It was 50 years ago. I had just made the rounds of the graduation parties and was about to step off into the world. I had been appointed to the U.S Merchant Marine Academy, and had orders to report to Kings Point, Long Island for my Plebe summer. The week I was to report the unthinkable happened. My father died.

My dad had fallen and broken his hip. Due to his severe Osteoporosis, his bones were so brittle that he broke his hip simply by getting out of bed. His overall poor health contributed to the formation of a pulmonary embolism which took his life. He was only 54 years old. My mom was in shock and we were all devastated. I was numb.

I still had the orders to report to the academy. To this day I have no recollection of how I got there. I literally left the day we buried my dad. I had never been away from home. I don’t remember sleeping.

Once processed into the academy, the customary hazing began, and then the unexpected crashed in on my fragile psyche. Neil Armstrong and the crew of Apollo 11 were walking on the moon!

In that the academy was a federal institution, to celebrate the occasion of the moon landing all but those deemed essential personnel at the academy were given the day off. That meant we plebes were “allowed” to sit by ourselves in our rooms.

As I lay in my rack that night I looked up at the moon…I had time to think about my dad…and my mom. I realized that this whole attempt to get an appointment to a service academy was an attempt to make my dad proud of me. Now facing the rigors of a plebe summer…sleep deprived and understanding that my whole concept of the universe had changed—I began to tremble. I shook so bad and began to sob so violently that I feared I was losing my grip.

This next part is a series of mental snapshots, fragmented by the passage of time. I just remember that I passed out. When I came to I had no idea where I was. To my right there was a man whose leg had been amputated. Turning to my left there was another young man whose face was horribly disfigured and heavily bandaged. The trembling came back with a vengeance. I pulled the sheets over my head, and prayed

Dear God if you are real, please help me…I prayed this over and over. I then fell asleep.

When I woke I was informed that I had been transferred to a Public Service Hospital on Staten Island and that the injured men I saw were casualties from the Vietnam war. An officer from the Academy, accompanied by a chaplain informed me that I had collapsed and had been transport to the hospital. I was diagnosed with an Acute Anxiety attack. The three days without sleep, dehydration and the stress of my dad’s death had caused me to shut down. The officer gave me two options. You can attempt to rejoin your class (you are already behind) or you can resign your commission and return home. I could not imagine trying to rejoin the class and chose to return home.

I returned home as a failure. In my mind I just didn’t have the strength to get past my condition. Watching the footage and listening to Neil Armstrong’s iconic words ‘Just one small step for man…’ I felt that I had taken many steps backwards into an uncertain existence. As the men on the moon made history, the history of Camelot came to an abrupt halt in a place called Chappaquiddick. The seams of the very fabric of America were already beginning to tear…racial tensions…rebellion…sex drugs and rock and roll.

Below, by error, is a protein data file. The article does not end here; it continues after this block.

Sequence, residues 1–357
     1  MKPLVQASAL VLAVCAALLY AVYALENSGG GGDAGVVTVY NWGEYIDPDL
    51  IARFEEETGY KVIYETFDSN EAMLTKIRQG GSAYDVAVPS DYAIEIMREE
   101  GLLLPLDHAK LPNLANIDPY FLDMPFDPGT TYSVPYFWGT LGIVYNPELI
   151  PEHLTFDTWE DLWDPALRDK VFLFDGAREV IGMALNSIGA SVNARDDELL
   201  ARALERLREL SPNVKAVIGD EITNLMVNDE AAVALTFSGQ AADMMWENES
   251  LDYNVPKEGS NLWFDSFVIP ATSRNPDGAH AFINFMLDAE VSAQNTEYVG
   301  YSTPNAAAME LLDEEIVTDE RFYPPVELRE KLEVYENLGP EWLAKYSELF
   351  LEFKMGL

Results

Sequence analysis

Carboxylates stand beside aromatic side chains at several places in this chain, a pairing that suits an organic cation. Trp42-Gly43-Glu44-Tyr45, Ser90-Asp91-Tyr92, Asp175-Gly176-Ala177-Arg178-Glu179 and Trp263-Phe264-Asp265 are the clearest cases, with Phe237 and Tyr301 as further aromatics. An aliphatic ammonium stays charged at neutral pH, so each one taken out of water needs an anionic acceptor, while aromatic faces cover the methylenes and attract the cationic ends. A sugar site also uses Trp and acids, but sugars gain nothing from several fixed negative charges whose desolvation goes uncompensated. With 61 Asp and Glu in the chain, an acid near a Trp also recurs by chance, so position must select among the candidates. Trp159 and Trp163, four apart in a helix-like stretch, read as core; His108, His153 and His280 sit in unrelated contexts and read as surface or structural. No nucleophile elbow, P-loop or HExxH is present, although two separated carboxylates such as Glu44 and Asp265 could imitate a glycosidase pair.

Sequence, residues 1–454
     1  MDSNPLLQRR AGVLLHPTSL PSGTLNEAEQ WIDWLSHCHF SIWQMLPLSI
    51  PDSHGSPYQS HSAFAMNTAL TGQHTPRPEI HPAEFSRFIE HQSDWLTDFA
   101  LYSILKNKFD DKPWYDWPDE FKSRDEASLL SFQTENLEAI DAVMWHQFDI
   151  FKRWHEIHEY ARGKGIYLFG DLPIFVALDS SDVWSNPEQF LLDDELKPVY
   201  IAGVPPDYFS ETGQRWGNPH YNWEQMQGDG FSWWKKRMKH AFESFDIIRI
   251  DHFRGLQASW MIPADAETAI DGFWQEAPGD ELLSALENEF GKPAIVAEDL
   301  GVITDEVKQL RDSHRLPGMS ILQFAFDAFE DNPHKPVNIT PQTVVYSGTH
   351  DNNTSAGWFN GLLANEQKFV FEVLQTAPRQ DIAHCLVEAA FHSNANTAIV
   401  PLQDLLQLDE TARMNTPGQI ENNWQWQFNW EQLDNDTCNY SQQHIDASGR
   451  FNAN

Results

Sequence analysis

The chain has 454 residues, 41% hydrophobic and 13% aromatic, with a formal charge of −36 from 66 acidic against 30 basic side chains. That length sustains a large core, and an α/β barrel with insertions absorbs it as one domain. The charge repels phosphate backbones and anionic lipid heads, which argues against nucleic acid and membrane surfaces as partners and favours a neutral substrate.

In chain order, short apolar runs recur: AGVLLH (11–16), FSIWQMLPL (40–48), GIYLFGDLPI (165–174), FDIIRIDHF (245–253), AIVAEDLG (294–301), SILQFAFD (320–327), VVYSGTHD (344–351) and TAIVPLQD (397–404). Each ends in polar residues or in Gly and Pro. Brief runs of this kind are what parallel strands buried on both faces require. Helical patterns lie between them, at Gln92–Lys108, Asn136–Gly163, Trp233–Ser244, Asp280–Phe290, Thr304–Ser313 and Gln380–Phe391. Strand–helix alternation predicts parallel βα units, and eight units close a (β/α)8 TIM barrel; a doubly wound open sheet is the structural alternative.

The next few years, as I began University were marked by isolation, work and drinking. The story of my encounter with the Lord is one of supernatural grace, unmerited favor and absolute certainty about he claims of Christ.

I remember the night that I responded to an invitation. I remember that I initially balked at taking the first step into the aisle. I knew that I knew in my heart that this was real. I stepped out into the aisle walked to the front…dropped to my knees… and was born again.

Fifty years later, I am in awe of the life the Lord has allowed for me. The high calling to pastor. A career in the Navy Reserve as a chaplain…the privilege of serving as a Bible College and Seminary professor; training the next generation of pastors.

In my role as chaplain, I was part of a team of Navy Chaplains who went to Ground Zero immediately following 9/11. I won’t attempt to try and describe the ministry that took place. I did however remember something significant that occurred to me after I returned home from New York.

In recounting those amazing days, I recalled that our team of chaplains was billeted at a Coast Guard activity on Staten Island. In a flash I remembered my shame at ‘washing out’ of the academy all those years ago. I did a search and learned that the site of the Public Service Hospital in which I prayed for God’s help was minutes away from where we were headquartered!

The Lord not only heard my prayer, but He brought me back to the place where I failed in my own strength…only now I was ministering in His strength. To think—it all started with one small step…

On this fiftieth anniversary of the moon landing, I now have the perspective that our making trips to the moon or the stars will not change our conditions on earth. Shakespeare wrote

The fault dear Brutus is not in our stars
But in ourselves, that we are underlings

Martin Luther King wrote, “We have guided missiles, but misguided men.”

C.S. Lewis wrote concerning the fallen angels, “God destined them to be adjectives, yet they longed to be nouns”

‘It is not the step that man took to reach the heavens. No…it is the step that almighty God took to dwell with sinful men, in order to redeem them for His own. Augustine describes our condition best:

“Our hearts Oh God are restless until they find their rest in thee…”

How about it?  Any takers?